- The provided information is utilised by businesses to verify the authenticity of the individual’s claims.
- Equipped with this verified data, businesses can make well-informed judgments and decisions based on risk assessment.
Top Benefits of Automated ID Verification
- Enhance Customer Confidence: Implementing automated identity verification processes instils customer trust in business operations. When customers know that thorough verification is performed for new accounts and high-value transactions, they perceive that the company is actively working to minimise fraud risks. This, in turn, enhances their confidence in securing their personal information and assets.
- Streamline Procedures: Digital identity verification solutions simplify and expedite customer document submission. Tasks that took days or months can now be completed within seconds, resulting in improved conversion rates and a more seamless user experience.
- Ensure Regulatory Compliance: Anti-Money Laundering (AML) and Know Your Customer (KYC) regulations mandate firms to validate user identities. Non-compliance can lead to penalties or substantial fines, even if unintentional. Implementing comprehensive identity verification processes helps businesses meet regulatory obligations and ensure adherence to compliance requirements.
- Mitigate the Risk of Fraud: Reliable verification solutions help enterprises mitigate the risk of identity theft and fraud. By leveraging solutions that cross-reference against authoritative data sources, businesses can effectively assess potential risks and make informed decisions based on accurate information.
Are there Specific Regulations for Identity Verification?
A basic standard for identity verification that can be applied universally does not exist. However, IDV requirements can vary significantly based on several factors, including:
- Industry: Different industries are subject to different laws and regulations about identity verification. For example, financial firms and online marketplaces must abide by KYC and AML regulations. Federal agencies and businesses collaborating with them must follow the guidelines outlined in NIST Special Report 800-63-3, which outlines IDV implementation requirements.
- Jurisdiction: Various jurisdictions have unique laws and regulations, which may encompass identity verification requirements. Whilst some rules may have similarities across states or countries, they can also differ significantly. Companies must understand and abide by the regulations specific to the jurisdiction they are operating in.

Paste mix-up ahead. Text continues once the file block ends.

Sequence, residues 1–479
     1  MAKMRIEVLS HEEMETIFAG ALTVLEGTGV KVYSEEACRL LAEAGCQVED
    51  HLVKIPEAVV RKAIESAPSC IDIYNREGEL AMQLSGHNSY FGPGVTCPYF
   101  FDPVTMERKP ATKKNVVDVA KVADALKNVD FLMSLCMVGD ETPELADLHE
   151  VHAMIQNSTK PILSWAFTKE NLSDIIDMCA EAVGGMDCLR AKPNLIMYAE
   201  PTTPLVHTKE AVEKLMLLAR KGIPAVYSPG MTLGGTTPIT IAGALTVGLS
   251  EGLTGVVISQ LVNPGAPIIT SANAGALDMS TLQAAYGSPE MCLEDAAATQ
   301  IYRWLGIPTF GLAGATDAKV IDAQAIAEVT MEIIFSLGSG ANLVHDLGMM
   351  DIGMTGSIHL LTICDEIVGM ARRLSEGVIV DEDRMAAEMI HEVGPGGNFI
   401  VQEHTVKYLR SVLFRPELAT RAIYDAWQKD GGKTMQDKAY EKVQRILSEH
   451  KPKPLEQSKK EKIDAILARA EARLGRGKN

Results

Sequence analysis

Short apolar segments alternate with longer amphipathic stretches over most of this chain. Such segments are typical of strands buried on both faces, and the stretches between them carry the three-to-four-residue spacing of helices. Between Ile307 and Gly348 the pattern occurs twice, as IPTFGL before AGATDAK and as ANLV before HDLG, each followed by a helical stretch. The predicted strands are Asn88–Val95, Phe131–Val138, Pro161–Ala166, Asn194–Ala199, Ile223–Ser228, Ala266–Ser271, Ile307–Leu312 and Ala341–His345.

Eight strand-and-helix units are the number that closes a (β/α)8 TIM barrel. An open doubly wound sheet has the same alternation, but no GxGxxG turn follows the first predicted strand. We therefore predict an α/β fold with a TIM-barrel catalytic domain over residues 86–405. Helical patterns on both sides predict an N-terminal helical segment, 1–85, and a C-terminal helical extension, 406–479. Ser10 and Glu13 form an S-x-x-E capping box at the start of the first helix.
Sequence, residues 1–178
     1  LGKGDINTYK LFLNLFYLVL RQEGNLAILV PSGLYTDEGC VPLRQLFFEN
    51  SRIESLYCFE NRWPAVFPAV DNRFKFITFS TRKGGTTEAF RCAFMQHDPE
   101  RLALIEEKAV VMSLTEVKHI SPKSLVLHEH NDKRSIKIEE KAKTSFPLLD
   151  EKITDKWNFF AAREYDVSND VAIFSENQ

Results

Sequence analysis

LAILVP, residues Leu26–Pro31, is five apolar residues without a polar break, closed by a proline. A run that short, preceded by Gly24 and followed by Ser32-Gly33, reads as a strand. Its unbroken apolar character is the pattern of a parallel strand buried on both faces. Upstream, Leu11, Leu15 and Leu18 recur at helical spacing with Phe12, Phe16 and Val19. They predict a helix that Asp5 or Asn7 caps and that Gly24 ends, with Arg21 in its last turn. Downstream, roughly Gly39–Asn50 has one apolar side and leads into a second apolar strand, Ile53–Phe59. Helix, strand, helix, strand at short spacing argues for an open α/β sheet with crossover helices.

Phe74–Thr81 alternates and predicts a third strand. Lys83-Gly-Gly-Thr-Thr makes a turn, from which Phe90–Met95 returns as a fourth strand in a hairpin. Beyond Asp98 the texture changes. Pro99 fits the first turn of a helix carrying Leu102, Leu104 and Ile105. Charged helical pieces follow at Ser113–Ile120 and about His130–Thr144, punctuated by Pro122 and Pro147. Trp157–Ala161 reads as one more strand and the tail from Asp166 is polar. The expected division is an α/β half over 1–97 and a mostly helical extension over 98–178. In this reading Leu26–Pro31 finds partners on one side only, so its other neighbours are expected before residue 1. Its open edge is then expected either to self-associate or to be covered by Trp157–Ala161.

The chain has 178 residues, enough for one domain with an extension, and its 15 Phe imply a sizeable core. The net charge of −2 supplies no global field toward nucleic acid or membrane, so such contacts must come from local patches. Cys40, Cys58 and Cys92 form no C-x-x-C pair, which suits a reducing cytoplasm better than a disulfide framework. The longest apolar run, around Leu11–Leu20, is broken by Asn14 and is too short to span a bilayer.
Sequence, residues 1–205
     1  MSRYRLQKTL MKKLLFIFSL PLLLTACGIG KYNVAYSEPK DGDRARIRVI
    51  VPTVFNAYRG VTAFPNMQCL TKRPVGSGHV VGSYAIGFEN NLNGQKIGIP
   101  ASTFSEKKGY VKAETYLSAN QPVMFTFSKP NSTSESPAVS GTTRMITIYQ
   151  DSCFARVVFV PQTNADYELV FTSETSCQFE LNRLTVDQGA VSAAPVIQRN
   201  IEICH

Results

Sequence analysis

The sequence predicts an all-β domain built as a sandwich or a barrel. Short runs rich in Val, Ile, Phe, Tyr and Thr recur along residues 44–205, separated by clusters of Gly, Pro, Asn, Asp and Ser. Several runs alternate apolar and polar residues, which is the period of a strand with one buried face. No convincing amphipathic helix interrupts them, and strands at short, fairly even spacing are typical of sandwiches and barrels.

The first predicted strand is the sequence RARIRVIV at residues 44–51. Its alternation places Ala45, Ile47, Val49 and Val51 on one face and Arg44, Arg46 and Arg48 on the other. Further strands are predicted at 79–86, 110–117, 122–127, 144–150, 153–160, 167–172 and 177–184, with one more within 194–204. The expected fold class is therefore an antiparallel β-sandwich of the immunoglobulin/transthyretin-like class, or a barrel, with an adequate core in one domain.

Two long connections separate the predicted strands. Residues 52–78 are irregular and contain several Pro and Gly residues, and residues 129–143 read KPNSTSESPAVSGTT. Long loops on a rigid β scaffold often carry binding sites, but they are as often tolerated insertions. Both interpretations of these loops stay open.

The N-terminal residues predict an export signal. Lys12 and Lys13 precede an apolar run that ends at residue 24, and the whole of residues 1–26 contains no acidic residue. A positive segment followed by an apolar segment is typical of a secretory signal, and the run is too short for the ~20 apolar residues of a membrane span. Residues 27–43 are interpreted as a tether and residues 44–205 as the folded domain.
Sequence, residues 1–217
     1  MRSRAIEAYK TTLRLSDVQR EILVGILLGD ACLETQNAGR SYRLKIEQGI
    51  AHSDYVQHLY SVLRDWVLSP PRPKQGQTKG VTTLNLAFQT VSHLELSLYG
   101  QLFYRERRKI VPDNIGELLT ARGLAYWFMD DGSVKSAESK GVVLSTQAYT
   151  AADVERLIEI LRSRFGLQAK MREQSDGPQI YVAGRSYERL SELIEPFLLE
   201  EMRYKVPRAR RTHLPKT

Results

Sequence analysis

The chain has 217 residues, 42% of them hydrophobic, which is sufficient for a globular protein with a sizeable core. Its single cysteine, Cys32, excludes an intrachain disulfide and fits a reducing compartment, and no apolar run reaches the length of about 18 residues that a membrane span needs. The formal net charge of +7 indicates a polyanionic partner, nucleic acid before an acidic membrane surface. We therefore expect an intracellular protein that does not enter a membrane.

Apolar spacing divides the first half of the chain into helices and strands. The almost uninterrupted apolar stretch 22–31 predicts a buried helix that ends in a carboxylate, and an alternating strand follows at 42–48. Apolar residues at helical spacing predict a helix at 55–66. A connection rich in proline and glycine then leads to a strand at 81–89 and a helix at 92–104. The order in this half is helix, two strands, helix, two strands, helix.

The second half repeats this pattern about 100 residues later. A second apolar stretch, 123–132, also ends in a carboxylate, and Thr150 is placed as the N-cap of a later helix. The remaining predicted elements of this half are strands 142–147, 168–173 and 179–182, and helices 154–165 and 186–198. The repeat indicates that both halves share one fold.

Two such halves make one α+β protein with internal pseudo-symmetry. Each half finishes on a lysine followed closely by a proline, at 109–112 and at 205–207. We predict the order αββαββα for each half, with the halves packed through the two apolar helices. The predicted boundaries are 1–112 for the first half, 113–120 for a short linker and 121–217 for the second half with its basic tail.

- Age Restrictions: Firms that sell age-restricted products, including alcohol, adult entertainment, tobacco, etc., must adhere to regulations focusing on age verification.
- Individual Risk Profiles: All businesses face different types and levels of risk. Consequently, these risk profiles are vital in determining the appropriate verification methods.
Understanding Identity Authentication in Detail
Identity authentication determines whether a user is authorised to do a given task. Businesses employ four primary methods to authenticate customers:
- Passwords: Despite discussions about their obsolescence, passwords are widely used. Email addresses combined with passwords are used for single-factor authentication.
- Two-factor Authentication (2FA): 2FA offers an additional layer of authentication. This usually involves a unique code generated and sent through SMS when a user tries to log in. Individuals must give their username, password, and 2FA code to get access.
- Knowledge-based Authentication (KBA): KBA requires users to answer “secret” questions created during the initial account setup. It is usually used in conjunction with different authentication methods. Typical questions involve details like pet names or mothers’ maiden names. The ideal KBA answers are accessible for the user to remember but challenging for others to guess.
- Biometrics: Biometric authentication checks a user’s identity through unique physical traits like fingerprints to allow them to unlock a laptop or phone.
What Value Does Authentication Offer for Businesses?
Businesses can mitigate the risks associated with account takeovers and identity fraud by comparing provided factors with the initial data used during account opening. Furthermore, authentication processes contribute to a streamlined customer experience, enabling them to access accounts or carry out transactions seamlessly whilst maintaining security. For example, Single Sign-on (SSO) allows users to remember a single set of credentials granting them access to various accounts. Robust authentication procedures have the potential to enhance customer satisfaction, reducing the likelihood of customers seeking alternative companies for critical transactions.
How Can Shufti Pro Help?
Shufti Pro offers an AI-powered ID verification solution to 230+ countries and territories and supports 150+ languages. Our robust IDV solution verifies identities within seconds and helps firms comply with KYC and AML regulations.